For today’s post in our immune checkpoint series, we’ll discuss work published in Cell in 2018 by Sade-Feldman et al., and how they leveraged the economy of cost from AIM’s idenTx organ-on-a-chip assays to turn what would have been a six-variable animal study into a comparatively simple in vitro study. In their research, the group identified specific T cell markers and states associated with regression or progression of tumors in response to immune checkpoint therapy.
Classifying T cells in response to immune checkpoint blockade therapy
The authors focused their studies on CD8+ T cells since it’s known that the number of infiltrating CD8+ T cells in a tumor may influence the response to immune checkpoint therapy.
When analysing the CD8+ T cells from different patients’ tumors, the authors distinguished two main groups: one with high expression of genes linked to memory, activation, and cell survival, including the TCF7 gene; and the other group with increased expression of genes related to exhaustion. The first group was enriched in tumors from patients who responded to immune checkpoint blockade therapy, while the second group showed up in non-responder tumors. Further analysis divided each group into 3 different sub-clusters of CD8+ T cells. Looking at gene expression on these 6 groups, the authors realized that there were different states of these CD8+ T cells, and they could transition from one state to another over time. For example, after PD-1 therapy, the expression of TCF7 (one of the markers that defines the different clusters) is lost when these T cells transition to an effector phenotype.
Using AIM Biotech idenTx chips as a 3D in vitro model to define T cell states
Then, scientists wanted to confirm which T cell states are important for eradicating the tumors upon anti-PD-1 therapy. The authors took mouse tumor biopsies and separated cells by cell sorting. They classified cells by CD39 expression (known to be expressed in terminally exhausted T cells) and TIM3 (a marker of T cell dysfunction in cancer and chronic infections). They grew spheroids from mouse tumor samples into the idenTx chip and added either CD39-TIM3- (double negative, DN) cells, CD39+TIM3+ (double positive, DP) cells, or a mix of DN+DP cells. Then, they treated each set either with anti-PD-1, or the Immunoglobulin G antibody as a control. To test if T cell exhaustion impacted the tumor eradication in the presence of these different cell types, they counted the number of dead cells after five days of treatment. The authors found that CD39 negative and TIM3 negative T cell subpopulations are the most effective for killing cancer cells, and are the cells needed for an effective immune checkpoint blockade therapy.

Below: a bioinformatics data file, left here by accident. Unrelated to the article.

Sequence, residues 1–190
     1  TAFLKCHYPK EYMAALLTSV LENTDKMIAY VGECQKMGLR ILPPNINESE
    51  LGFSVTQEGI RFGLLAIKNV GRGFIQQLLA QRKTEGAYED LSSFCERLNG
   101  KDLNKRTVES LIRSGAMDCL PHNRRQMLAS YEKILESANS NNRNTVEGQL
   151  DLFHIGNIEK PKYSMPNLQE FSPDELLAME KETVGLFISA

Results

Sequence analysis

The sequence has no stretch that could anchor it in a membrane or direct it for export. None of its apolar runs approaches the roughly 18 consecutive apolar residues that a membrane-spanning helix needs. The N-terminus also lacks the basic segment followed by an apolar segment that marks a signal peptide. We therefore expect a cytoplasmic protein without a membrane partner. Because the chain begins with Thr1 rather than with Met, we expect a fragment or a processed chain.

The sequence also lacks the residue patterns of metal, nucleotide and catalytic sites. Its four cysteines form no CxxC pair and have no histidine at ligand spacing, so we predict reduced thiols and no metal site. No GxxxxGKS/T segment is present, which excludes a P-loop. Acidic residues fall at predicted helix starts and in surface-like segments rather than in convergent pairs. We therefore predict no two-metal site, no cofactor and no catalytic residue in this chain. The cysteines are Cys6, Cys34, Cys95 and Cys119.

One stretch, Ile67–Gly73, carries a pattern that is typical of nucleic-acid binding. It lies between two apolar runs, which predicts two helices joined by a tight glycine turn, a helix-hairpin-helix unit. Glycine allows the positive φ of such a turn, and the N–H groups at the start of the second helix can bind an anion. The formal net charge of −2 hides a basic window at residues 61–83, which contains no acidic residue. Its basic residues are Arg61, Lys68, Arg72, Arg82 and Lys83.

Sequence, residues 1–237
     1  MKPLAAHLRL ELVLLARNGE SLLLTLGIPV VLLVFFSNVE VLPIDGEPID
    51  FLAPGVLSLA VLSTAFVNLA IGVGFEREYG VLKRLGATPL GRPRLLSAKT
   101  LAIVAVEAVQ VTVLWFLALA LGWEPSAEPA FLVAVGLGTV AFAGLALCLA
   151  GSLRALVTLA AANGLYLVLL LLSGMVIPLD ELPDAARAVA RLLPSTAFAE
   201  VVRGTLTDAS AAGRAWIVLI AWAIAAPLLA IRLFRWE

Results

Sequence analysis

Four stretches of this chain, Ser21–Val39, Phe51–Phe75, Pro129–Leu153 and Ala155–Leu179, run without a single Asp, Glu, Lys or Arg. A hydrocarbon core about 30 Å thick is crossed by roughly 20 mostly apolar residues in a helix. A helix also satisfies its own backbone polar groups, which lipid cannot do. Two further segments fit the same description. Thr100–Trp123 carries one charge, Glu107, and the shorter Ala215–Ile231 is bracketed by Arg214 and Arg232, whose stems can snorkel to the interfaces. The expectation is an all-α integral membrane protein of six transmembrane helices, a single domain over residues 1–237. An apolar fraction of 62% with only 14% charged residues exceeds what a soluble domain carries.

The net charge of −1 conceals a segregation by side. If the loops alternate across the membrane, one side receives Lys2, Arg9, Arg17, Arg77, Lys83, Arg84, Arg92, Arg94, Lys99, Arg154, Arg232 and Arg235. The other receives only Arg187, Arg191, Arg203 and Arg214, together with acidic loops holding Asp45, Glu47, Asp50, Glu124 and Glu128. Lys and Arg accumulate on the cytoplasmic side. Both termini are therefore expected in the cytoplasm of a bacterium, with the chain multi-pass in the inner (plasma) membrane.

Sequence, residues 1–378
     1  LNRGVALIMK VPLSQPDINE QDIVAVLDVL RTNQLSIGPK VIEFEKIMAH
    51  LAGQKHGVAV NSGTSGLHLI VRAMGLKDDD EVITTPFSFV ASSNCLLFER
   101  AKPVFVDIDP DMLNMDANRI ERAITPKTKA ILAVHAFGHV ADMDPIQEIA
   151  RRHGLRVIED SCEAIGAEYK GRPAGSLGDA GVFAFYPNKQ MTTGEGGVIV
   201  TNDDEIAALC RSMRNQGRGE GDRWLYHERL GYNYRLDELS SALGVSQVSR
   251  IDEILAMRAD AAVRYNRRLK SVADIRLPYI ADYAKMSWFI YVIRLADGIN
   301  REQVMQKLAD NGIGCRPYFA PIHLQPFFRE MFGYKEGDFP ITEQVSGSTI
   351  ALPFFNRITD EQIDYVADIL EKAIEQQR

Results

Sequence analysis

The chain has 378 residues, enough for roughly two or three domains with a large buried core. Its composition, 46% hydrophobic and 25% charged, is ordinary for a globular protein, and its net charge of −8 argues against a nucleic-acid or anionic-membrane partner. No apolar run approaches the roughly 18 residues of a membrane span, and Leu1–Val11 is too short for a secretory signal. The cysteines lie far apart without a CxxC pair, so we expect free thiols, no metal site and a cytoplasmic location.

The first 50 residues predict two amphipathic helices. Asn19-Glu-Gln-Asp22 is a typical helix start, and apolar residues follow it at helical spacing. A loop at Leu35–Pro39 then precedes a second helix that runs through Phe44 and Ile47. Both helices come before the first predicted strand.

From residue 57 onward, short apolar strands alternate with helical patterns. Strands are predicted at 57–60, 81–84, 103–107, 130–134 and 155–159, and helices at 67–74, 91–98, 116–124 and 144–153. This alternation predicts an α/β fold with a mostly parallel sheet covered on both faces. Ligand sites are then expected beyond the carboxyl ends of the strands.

Verifying ex vivo results obtained on the idenTx chip with an in vivo experiment
Using a melanoma model, scientists treated mice with POM-1 (a CD39 inhibitor) and anti-TIM3 while mice were subjected to anti-PD-1 therapy. The authors found that treated mice showed a reduced tumor size and an increased survival rate compared to non-treated mice, confirming in an in vivo model the results obtained in vitro with idenTx chips.
With the number of variables to isolate and control for, using mice from the start would have caused this study to swell in cost and logistical complexity, but it would have been infeasible on traditional lab assays. By using a simple and versatile 3D cell culture assay like idenTx from AIM Biotech to narrow down the variables first, the authors were able to reach their conclusions comparatively quickly before verifying the results in animals. Consider how such benefits may contribute to your research goals.
Gathering more predictive, human-relevant data is what AIM Biotech is all about. Want to discuss how idenTx can transform your drug discovery research? Use the chat bubble on the bottom right corner of this page, and we’ll reach out to you—or check out our Contact Us page. Also be sure to look at how our contract research services can help streamline your workflow.
*Defining T Cell States Associated with Response to Checkpoint Immunotherapy in Melanoma. Sade-Feldman M, Et al. Cell. 2018 Nov 1;175(4):998-1013.e20. doi: 10.1016/j.cell.2018.10.038. Erratum in: Cell. 2019 Jan 10;176(1-2):404. PMID: 30388456; PMCID: PMC6641984.